2019 Brings 10 Important Changes To Payroll
March 12, 2019
Small businesses are said to employ almost half of all workers in the U.S. and if you run a business with employees, then your payroll is likely to be a little different this year; here are the top 10 changes to payroll for 2019:
1. Rule changes for minimum wage
State and local rates apply if wages are higher than the federal rate (which remains unaltered at $7.25 per hour), and as a result, around 20 states have increased their rates from the beginning of the year.
2. New requirements for employment posters:
You can check with DOL, OSHA and your local labor department for free posters to display applicable minimum wage rates and other information, something that employers are now legally obliged to display.
3. New limits for Social Security:
The employer and the employee pay 6.2% of Social Security tax up to the wage base limit, and for 2019, this is set at $132,000 and has risen from $128,400 in 2018.
4. Increased limits for qualified retirement plans:
If you offer your employees a 401(k) or SIMPLE IRA, then the limits have increased since the previous year. Check with your local payroll provider for more detailed information.
5. New limits for FSA’s:
In 2018, the amount of compensation that employees could commit to medical flexible spending accounts (FSA’s) was set at $2,650 and has since increased to $2,700. The limit for dependent care FSA’s, however, remains fixed at $5,000 and is not annually adjusted.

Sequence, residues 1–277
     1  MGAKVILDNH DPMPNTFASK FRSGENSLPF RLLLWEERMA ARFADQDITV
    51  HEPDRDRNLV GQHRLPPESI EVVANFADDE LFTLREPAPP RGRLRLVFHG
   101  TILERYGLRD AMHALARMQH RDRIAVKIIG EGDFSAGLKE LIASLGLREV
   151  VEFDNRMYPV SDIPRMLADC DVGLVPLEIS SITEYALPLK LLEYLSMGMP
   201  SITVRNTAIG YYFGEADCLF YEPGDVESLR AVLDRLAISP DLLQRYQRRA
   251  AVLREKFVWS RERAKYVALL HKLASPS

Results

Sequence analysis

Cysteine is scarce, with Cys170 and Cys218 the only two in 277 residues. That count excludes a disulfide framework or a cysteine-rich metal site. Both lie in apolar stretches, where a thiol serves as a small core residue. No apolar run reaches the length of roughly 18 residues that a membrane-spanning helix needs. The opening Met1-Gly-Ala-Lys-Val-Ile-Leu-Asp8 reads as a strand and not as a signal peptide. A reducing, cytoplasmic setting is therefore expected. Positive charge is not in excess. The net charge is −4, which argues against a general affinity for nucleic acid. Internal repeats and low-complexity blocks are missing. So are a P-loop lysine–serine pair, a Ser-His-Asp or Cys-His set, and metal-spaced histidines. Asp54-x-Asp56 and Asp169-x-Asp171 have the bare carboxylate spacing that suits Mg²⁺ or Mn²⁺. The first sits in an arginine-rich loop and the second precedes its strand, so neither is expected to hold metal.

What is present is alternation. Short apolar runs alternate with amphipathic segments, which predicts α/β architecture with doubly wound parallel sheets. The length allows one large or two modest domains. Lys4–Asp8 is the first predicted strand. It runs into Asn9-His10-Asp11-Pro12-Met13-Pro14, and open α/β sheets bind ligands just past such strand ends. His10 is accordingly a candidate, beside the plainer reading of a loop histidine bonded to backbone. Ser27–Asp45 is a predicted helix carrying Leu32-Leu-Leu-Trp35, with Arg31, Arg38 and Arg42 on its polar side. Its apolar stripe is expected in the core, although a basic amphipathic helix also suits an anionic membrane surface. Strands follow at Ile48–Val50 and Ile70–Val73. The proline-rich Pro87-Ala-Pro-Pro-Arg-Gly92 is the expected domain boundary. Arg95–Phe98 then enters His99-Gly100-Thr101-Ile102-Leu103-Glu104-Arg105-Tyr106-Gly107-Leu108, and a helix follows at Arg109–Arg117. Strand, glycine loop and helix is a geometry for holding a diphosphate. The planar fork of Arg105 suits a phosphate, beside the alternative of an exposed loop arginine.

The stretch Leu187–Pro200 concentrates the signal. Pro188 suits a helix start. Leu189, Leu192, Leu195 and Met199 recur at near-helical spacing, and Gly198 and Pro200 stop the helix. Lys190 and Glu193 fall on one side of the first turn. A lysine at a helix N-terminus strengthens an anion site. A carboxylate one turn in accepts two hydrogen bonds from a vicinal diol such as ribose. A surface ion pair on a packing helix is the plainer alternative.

6. Options for medical coverage:
Currently, the employer mandate for companies with 50 or more full-time equivalent employees remains in place, but smaller employers can choose to provide coverage with some changes to the laws to be noted in 2019, such as:
- The limit for health savings accounts has risen and
- There are increased contribution amounts for qualified small employer health reimbursement arrangements such as QSEHRA’s
7. Other employee benefits that may have changed:
Benefits such as transportation, that may include free parking, transit passes etc, have increased amounts that can be received tax-free. Up from $265 per month last year, the total is now $270, but this benefit cannot be deducted.
8. Possible changes to state unemployment taxes:
Some changes that may have occurred in 2019 are those to unemployment tax rates, and these changes may be due to new or altered laws, such as increased state unemployment tax base amounts in Oregon and Washington, or an individual’s claims experience.
9. Changes to workers compensation costs:
Checking with your state is the only way to know for sure whether your premium rates are now higher, lower or remain unchanged.
10. New employment laws:
Most small business owners know that the world of employment rules and regulations can be a complicated one, and the only way to know for sure if any new laws affect you and your employees is to check with your local employment specialists or payroll providers.
Staying abreast of payroll and its many complex laws can be tricky, but provided you get your information from a reputable source and consult with professionals every step of the way, there’s no reason why you shouldn’t remain compliant and keep your employees content at the same time.